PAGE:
Michael Tay, Jeffrey Seah, Anthony Chen

Anthony Chen, 33

Filmmaker, director and founder of Giraffe Pictures


[dropcap size=small]A[/dropcap]nthony Chen might be no stranger to red carpets on the international film circuit, but the home-grown filmmaker leads a frugal life. To keep his expenditure low, he cycles everywhere in London, where he is based, and dines out once a month Rachel Yan, his wife of nine years.

“I’m very domesticated,” he says, sharing that he does most of the cooking at home. If he has to travel for work, he prepares and freezes dumplings for Yan so she doesn’t have to eat anything less.

Unfazed by reversing gender stereotypes, Chen takes a professional interest in “exploring female characters and identities”. The insights he gleans carries over to his upcoming film which he describes as “an intimate drama entirely driven by its sole female protagonist”. Multilayered female characters also drove his debut feature film Ilo Ilo, which clinched the distinguished Camera d’Or award at the Cannes Film Festival in 2013, before going on to sweep over 40 international awards.

Looking beyond his own success, the 33-year-old founded boutique film company Giraffe Pictures to help young directors in Singapore and the region make the leap from short films to feature films. The company has since incubated and catapulted to global fame Pop Aye, the award-winning debut feature film of fellow Singapore filmmaker Kirsten Tan. Apart from the big screen, Chen is working to map the same cinematic rigour and imagination onto television – with shows that are a marked departure from typical Asian fare saturated with melodrama.

A SOFTER TOUCH “When I was in my 20s and about to head to the UK, I was putting on my trousers when a button fell off. My dad helped to sew it back on. That was the first time I saw him – a man who doesn’t even cook instant noodles and would spread butter on bread if left to his own devices – pick up needle and thread. I was entirely surprised and very moved by this small gesture. There’s something quite beautiful about witnessing the gentleness of a masculine father figure.”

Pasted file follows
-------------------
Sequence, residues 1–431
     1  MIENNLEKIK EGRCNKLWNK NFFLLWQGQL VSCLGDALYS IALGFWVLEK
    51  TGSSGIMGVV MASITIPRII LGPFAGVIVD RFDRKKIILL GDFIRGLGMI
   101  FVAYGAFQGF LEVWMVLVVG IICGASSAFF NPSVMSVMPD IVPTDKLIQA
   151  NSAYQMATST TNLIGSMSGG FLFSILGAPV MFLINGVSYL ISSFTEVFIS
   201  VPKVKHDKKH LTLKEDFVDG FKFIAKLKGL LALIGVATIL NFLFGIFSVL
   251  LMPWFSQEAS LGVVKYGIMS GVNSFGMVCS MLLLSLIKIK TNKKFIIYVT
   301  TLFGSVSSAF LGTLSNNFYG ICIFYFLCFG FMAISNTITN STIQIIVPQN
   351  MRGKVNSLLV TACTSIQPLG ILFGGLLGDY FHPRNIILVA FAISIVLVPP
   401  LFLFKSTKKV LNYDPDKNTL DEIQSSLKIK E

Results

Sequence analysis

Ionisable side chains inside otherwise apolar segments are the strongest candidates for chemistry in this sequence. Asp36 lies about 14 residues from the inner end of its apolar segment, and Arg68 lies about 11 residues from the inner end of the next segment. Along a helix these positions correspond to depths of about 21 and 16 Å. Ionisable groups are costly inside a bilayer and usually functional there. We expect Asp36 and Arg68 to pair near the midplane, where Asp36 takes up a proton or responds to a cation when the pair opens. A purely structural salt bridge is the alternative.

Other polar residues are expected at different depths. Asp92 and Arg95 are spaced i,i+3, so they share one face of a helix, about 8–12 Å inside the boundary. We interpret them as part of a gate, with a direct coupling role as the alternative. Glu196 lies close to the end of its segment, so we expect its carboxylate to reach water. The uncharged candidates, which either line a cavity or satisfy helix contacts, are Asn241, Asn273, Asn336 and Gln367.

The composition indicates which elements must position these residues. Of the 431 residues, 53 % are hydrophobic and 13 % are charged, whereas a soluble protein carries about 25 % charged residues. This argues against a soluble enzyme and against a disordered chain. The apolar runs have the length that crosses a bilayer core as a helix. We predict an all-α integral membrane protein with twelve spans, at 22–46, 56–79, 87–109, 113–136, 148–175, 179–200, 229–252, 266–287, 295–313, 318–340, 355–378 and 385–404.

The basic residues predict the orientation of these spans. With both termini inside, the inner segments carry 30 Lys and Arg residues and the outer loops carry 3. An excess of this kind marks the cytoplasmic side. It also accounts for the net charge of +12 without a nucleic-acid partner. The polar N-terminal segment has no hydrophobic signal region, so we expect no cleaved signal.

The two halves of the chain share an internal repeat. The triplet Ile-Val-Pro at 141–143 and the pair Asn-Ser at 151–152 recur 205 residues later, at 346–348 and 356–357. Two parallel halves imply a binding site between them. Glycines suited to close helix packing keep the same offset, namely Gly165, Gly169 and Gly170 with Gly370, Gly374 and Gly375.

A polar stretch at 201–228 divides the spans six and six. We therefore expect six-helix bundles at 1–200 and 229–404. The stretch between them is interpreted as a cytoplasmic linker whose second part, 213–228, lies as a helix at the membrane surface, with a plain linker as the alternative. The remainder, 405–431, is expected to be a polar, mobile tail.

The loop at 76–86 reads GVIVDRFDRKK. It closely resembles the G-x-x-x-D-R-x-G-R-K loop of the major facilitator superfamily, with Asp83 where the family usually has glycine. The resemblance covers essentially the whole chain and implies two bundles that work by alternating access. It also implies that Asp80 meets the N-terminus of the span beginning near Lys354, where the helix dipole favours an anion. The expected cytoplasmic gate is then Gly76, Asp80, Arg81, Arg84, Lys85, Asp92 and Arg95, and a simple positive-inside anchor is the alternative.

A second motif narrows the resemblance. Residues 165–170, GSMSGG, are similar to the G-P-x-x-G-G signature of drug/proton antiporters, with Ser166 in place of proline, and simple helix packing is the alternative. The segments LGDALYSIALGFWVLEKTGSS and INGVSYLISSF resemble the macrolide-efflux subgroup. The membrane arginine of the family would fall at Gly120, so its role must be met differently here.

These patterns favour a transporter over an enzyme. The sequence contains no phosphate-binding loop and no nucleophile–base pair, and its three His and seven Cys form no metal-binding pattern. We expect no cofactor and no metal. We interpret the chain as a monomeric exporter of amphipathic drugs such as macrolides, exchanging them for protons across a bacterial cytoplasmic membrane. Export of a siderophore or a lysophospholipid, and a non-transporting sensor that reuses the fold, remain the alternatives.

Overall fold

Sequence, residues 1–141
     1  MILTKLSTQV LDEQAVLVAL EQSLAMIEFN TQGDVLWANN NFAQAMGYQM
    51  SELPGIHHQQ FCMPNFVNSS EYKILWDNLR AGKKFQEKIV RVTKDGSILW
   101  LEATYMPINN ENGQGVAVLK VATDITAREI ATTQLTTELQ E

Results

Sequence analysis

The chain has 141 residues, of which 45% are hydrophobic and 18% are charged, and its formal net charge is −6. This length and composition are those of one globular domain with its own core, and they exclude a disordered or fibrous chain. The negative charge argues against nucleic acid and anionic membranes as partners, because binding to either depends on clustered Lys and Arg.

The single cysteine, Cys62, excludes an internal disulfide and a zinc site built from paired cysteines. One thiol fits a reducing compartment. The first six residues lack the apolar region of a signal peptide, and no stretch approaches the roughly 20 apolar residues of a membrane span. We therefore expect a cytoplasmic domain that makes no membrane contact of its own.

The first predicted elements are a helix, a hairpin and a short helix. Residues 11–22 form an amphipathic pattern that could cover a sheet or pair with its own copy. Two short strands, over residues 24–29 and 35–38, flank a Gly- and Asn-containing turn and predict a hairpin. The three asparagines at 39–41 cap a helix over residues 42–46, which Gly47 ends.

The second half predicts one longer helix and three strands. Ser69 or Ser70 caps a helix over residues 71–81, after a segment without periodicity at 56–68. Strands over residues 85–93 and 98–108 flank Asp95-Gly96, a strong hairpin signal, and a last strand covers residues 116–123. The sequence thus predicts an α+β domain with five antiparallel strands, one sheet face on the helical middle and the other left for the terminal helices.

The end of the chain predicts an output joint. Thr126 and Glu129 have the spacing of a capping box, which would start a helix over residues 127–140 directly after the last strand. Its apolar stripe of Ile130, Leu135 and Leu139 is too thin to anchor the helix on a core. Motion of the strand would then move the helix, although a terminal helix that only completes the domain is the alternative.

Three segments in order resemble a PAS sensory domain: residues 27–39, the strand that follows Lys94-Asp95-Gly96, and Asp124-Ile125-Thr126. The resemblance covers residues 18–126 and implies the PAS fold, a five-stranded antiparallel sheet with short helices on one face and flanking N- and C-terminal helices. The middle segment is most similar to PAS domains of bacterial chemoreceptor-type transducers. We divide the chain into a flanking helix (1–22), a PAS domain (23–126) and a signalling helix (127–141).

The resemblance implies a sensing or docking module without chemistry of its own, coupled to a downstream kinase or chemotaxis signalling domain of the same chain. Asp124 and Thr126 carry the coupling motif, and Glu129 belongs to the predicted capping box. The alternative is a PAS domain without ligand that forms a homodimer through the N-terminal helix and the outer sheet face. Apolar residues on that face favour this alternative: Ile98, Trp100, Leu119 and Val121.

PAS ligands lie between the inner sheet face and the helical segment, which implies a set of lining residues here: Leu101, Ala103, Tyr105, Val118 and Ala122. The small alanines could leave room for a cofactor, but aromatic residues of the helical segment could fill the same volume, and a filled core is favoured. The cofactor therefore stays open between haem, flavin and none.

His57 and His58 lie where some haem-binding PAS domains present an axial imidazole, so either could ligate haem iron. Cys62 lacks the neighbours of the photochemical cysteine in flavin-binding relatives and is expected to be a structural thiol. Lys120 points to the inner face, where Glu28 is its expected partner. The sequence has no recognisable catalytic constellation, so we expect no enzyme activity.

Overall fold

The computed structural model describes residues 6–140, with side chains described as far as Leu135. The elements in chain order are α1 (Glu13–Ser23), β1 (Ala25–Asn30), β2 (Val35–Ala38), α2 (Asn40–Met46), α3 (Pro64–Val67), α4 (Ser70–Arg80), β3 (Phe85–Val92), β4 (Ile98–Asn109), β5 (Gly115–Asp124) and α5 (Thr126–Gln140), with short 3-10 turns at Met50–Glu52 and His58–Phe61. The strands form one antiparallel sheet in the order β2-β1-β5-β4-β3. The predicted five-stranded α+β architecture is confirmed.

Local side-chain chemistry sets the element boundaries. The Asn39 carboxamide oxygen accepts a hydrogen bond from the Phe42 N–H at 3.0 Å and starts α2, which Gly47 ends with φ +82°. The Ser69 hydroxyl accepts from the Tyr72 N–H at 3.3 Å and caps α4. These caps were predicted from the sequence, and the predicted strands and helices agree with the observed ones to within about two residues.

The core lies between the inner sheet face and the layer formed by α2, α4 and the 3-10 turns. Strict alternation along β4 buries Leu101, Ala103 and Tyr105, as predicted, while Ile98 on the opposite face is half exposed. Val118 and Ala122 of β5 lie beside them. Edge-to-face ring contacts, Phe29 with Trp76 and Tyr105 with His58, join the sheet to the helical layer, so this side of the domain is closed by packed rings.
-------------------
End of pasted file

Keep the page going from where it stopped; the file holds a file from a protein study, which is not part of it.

ROLE PLAY “I know (Taiwanese film director) Ang Lee personally, and really look up to him. Before he started making his first film, he struggled for seven years. During that time, his wife brought home the bacon while he played the role of house husband. He eventually went on to have this wonderful career. But each time he heads overseas for a project, he prepares and freezes a batch of jiaozi (Chinese dumplings) for his family. Here’s a man who’s able to balance work and family while earning respect among his peers – not just for his work, but for his immense humility despite all he has achieved.”

TUNING IN “I’m very sensitive to human dynamics, emotions and relationships – not just in women, but in men too. I’m not sure if most men share this ability or if they refuse to acknowledge it, but for me, I reveal that in my work. I believe that’s the reason why I can write complex characters and capture life on screen.”

NEXT-GEN SENSIBILITIES “The millennial man has the courage to show his vulnerabilities and is emotional when he needs to be, defying the saying that men don’t cry. He doesn’t need to lean on aggression or violence to show his power. It’s more about being as strong as one can be, while coexisting with your fragile side.”

ESTABLISHING AN EQUILIBRIUM “We’re at a place in time where the modern man has to make sense of a lot of conflict, balancing the baggage from our Asian upbringing – where Confucian values affirm societal constructs of a man’s behaviour – along with broadening definitions of masculinity. As much as I believe in gender equality and regard myself as a feminist, there’s still a big part of me that feels like if the sky falls down, I have to be the one to hold it up. This tension is an interesting negotiation for all modern men trying to rediscover who they really are.”